Back in 2009, in my review of this then fledgling, but impressive wine producer, I predicted that it would rise to great heights under the management and direction of winemaker Diane Miller. She was appointed winemaker in 2008 and came with a wealth of experience including viticulture and other facets of production and marketing. Under her guidance, Bellarmine has become a leading producer in Pemberton. In fact, distinguished wine writer James Halliday gives the wines top rating in his five-star system – the only Pemberton producer to achieve this.
Bellarmine is owned by German pathologist Willi Schumacher, who chose this site, after a worldwide search, for its pristine and picturesque location, its gravel over limestone soils and the cool climate and its elevation of 220m. Established in 2000, the 20ha are planted to Riesling, Sauvignon Blanc, Chardonnay, Pinot Noir, Merlot, Shiraz and Petit Verdot. Their specialty is Riesling, produced in three styles of varying sugar levels – no surprise for a German venture – and Di does this so well. All wines are single vineyard wines, with no outsourcing of grapes.
Bellarmine 2016 Select Riesling, (RRP $26)
This wine is sublime. The style is Germanic, made in the mould of the great wines of the Mosel district of Germany. Fermentation is muted before the wine ferments through to dryness, resulting in a residual sugar level of 65g/litre and an alcohol level of only 7.5% (most dry wines we consume are less than 5g/litre) Aromas are fresh, vibrant and lively, with lifted floral and lime characters. The palate displays clean, linear purity. A poised wine with razor-edge balance of fruit and acid, the sweetness disguised somewhat by the acidity. Flavours of lime and green apple with a binding minerality. Will age wonderfully. Why don’t we see more of this style in Australia? A wine so easy to drink, so refreshing, with length, clean finish, and oozing personality.
Bellarmine 2019 Pinot Noir (RRP $26)
Another great wine! In fact, it challenged the Select Riesling for my pick. I am difficult to please with WA pinots, but this wine has the required qualities. A medium-to-full-bodied style of Pinot. Colour is a vibrant ‘Burgundy red’, the nose shows beautiful red fruits – elevated red cherry and blueberry. Palate supple and smooth, very complete. Ripe, rich flavours of cherry and black plum. Oak is integrated, tannins supple and smooth. A structured and complex young Pinot. I will be looking at this wine as it evolves.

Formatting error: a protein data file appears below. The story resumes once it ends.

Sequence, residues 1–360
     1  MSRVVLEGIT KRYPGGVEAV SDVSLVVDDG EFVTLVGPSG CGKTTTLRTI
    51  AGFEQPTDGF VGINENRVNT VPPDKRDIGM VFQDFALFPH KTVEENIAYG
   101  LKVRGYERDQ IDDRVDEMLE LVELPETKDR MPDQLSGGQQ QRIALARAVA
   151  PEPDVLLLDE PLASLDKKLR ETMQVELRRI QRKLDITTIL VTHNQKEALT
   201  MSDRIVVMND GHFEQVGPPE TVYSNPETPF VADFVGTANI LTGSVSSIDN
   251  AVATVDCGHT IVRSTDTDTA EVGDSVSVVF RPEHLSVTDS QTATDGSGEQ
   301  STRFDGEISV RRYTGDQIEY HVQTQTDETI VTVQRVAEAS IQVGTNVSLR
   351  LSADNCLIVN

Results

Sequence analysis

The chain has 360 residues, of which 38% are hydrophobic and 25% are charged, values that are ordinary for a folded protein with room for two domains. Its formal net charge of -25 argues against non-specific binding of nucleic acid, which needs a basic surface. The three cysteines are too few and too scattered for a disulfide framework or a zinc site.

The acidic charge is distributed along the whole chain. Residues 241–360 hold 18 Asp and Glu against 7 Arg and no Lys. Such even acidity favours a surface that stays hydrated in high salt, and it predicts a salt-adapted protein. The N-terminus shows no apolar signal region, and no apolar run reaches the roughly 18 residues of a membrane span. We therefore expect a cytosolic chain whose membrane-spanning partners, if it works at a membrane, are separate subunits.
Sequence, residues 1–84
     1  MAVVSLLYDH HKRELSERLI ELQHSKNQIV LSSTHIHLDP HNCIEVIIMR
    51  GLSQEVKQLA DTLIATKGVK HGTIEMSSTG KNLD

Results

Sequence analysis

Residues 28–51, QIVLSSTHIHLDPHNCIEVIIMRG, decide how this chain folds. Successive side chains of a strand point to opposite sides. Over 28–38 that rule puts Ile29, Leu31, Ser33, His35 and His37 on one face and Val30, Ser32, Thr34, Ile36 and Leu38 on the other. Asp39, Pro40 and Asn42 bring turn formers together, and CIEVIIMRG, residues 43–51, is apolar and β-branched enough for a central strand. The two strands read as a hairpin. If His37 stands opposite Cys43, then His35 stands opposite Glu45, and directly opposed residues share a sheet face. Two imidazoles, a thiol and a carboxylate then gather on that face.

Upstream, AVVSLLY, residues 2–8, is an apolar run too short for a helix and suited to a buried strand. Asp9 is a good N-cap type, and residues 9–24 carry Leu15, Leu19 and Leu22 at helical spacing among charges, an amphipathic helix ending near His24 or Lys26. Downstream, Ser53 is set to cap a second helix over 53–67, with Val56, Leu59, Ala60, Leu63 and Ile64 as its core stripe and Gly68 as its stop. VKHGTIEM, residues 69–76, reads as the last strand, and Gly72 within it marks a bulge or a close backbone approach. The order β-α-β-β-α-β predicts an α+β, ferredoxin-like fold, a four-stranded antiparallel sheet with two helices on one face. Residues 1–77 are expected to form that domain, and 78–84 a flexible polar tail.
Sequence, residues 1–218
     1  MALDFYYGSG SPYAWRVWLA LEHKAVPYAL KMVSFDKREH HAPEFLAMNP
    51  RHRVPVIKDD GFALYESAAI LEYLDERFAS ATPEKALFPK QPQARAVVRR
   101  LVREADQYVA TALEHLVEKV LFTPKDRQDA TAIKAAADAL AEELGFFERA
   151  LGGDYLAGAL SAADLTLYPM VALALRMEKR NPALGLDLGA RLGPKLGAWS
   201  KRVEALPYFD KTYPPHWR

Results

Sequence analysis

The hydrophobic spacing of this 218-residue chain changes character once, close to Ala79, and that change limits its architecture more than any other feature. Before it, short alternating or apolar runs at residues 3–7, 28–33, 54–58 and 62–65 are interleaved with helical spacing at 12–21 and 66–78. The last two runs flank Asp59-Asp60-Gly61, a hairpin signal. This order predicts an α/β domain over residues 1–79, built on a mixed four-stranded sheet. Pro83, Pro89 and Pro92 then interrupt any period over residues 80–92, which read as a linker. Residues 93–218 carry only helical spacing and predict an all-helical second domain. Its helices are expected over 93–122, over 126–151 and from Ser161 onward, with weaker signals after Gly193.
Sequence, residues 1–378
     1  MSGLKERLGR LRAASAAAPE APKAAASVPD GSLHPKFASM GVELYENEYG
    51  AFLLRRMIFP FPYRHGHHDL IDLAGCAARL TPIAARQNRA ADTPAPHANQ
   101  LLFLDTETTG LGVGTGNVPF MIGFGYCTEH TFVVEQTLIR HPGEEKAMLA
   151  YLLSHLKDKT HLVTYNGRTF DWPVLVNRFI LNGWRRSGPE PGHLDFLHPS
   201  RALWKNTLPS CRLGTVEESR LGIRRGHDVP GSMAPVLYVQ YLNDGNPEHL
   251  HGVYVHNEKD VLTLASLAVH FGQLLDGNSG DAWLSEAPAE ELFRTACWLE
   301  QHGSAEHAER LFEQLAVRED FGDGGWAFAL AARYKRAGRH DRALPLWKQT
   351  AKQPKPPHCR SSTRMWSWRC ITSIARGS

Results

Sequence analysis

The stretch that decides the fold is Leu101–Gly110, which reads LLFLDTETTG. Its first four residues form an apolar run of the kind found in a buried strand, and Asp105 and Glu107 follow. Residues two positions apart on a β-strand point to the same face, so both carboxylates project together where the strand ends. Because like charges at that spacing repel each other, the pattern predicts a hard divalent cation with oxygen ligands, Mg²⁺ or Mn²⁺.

This is in the typical Aussie dry style, and gives just what we expect. Citrus aromas, floral, with a touch of flower blossom. Leads to a palate showing lime flavours, background minerality with a character I describe as ‘river pebble’ or ‘talcum’, which I enjoy in Riesling. A very good wine which will develop wonderfully over years. Why is Riesling so underrated in Australia?
Bellarmine 2019 Chardonnay (RRP $26)
A young, clean, linear and balanced wine. It’s initially restrained on the nose, then opens up. Characters of stone fruit and melon. Oak is integrating. A slightly ‘tighter’ Chablis style. Easy to drink now, will evolve over three years. Nice wine.
Bellarmine 2016 Shiraz (RRP $28)
Deep brick red with a browning edge. Nose shows developed savoury notes and spicy black fruits. The palate is mellow, supple. Flavours of mocha, all spice and blackcurrant. Integrated oak and mellow tannins with a firm acid backbone. Alcohol of 14.5% giving warmth. This wine needs decanting and breathing for it to show its true colours. At four years of age, I feel it is optimal.
For more information, visit Bellarmine Wines’ website: http://www.bellarmine.com.au/